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From Brian Candler <>
Subject Re: Reduce Assumptions
Date Mon, 06 Apr 2009 08:51:00 GMT
On Fri, Apr 03, 2009 at 07:55:45PM -0700, Adam Wolff wrote:
> Thanks for this clear response. A related question: given a view like this:
> map: function(doc){
>     emit(doc.refId,;
> },
> reduce :  function(keys, values, rereduce){
>     return values.join("");
> }

A reduce function of the form values.join("") is not good. At the bottom of
you can see:

"reduce functions should not grow its output larger than log(n) where n is
the number of input rows"


"the Reduce function has the requirement that not only must it be
referentially transparent, but it must also be commutative and associative
for the array value input"

The way I read that: for any ordering of input keys, the output value of
your reduce function must be the same.

Your function doesn't have this property, so you cannot use it.

Note that

   reduce(M0, M1, M2, M3)


   rereduce(reduce(M0, M1), reduce(M2, M3))


   rereduce(reduce(M2, M3), reduce(M0, M1))

must all evaluate to be the same. Sorting the values in your (re)reduce
function might help except that you still wouldn't meet the log(n)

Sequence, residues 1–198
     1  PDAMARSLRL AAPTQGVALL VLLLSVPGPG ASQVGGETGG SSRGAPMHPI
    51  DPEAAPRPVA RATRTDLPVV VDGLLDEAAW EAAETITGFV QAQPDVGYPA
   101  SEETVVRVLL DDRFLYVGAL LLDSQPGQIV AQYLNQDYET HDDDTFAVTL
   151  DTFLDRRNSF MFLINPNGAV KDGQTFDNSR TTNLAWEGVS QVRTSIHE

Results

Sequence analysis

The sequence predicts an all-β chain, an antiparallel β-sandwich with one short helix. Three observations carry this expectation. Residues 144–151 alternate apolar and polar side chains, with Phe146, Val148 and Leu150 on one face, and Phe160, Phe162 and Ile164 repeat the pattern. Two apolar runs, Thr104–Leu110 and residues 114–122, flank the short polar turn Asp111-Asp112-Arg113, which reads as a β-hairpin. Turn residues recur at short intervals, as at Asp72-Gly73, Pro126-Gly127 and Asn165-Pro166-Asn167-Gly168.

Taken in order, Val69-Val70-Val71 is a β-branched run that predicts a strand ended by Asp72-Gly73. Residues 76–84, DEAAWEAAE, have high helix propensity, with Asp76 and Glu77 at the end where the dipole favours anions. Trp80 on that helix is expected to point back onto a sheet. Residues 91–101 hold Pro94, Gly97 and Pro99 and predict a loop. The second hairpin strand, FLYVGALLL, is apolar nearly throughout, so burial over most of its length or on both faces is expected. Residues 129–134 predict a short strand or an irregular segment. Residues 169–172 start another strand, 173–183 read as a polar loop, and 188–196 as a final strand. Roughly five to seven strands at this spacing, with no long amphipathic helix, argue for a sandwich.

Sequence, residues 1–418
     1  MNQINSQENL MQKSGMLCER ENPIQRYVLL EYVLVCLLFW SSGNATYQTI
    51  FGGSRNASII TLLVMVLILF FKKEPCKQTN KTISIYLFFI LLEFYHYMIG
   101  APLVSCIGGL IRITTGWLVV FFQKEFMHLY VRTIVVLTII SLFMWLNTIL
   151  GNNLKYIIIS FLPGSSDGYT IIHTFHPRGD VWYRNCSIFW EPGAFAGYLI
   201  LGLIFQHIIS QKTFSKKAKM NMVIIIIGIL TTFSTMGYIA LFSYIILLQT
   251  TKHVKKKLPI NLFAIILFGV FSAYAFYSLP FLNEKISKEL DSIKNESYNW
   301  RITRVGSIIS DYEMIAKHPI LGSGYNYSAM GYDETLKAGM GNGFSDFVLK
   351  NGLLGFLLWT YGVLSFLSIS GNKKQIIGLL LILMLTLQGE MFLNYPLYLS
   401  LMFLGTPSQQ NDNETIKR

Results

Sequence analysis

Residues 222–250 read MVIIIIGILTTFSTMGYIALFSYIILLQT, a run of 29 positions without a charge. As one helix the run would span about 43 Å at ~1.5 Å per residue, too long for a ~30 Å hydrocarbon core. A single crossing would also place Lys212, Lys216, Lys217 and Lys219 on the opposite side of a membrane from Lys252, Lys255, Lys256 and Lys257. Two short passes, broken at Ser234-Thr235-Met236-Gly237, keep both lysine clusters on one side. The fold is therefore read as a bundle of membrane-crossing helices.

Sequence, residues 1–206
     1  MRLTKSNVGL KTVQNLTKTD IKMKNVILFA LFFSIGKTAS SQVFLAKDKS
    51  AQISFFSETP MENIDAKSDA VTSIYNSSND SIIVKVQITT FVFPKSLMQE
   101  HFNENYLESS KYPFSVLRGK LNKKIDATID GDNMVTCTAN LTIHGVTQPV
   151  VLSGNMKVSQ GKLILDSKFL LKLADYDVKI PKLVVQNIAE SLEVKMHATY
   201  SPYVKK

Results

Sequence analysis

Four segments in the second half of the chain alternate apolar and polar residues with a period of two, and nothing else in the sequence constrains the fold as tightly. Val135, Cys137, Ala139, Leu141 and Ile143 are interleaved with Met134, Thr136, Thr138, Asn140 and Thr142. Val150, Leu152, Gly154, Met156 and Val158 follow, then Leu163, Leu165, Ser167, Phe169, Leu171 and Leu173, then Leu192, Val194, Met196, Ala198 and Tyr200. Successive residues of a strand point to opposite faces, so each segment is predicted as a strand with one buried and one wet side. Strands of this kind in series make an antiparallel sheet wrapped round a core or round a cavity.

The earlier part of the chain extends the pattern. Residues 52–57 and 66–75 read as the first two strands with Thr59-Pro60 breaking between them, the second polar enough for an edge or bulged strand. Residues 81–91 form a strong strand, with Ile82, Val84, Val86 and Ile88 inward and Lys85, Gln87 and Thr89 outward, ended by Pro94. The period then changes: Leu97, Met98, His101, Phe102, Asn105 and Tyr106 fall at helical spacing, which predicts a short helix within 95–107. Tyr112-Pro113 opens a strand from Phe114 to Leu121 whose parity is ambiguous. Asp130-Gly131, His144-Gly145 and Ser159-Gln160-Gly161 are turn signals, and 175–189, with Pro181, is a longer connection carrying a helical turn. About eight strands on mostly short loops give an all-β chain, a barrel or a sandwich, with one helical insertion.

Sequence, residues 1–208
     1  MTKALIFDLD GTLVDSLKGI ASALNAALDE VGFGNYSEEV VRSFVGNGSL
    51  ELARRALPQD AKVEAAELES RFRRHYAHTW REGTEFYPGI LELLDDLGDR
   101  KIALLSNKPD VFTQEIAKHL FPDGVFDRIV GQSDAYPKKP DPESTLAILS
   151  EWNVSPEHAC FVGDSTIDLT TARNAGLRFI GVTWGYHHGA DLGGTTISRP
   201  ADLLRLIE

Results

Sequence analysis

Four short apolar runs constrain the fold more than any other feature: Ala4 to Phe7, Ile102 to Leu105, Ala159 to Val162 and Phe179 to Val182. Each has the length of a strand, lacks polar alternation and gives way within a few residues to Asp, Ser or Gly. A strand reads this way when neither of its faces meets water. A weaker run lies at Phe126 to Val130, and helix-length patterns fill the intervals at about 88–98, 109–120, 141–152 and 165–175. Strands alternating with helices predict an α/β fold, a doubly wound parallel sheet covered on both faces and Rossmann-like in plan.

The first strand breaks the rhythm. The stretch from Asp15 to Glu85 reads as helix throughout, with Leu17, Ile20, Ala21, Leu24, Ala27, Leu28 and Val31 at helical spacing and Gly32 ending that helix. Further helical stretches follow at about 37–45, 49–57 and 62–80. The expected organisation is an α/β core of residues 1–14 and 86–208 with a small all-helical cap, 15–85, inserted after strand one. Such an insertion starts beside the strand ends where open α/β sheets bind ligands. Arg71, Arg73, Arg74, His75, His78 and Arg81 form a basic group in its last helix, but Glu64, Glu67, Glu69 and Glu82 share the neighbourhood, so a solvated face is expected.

Basically - this is not how reduce functions are intended to be used. They
must somehow summarise the data, not aggregate it.

What you need, I believe, is a simple map:

  // MAP
  function(doc) {
    emit(doc.refId, null);

Then the client can query giving a startkey and endkey, and get back a list
of documents which contain that reference or range of references.

You can add a reduce function like this:

  function(ks, vs, co) {
    if (co) {
      return sum(vs);
    } else {
      return vs.length;

Then querying with group=true will give you the refIds mapped to a count of
documents containing that refId. Querying with reduce=false will give you
the same as the map function by itself.



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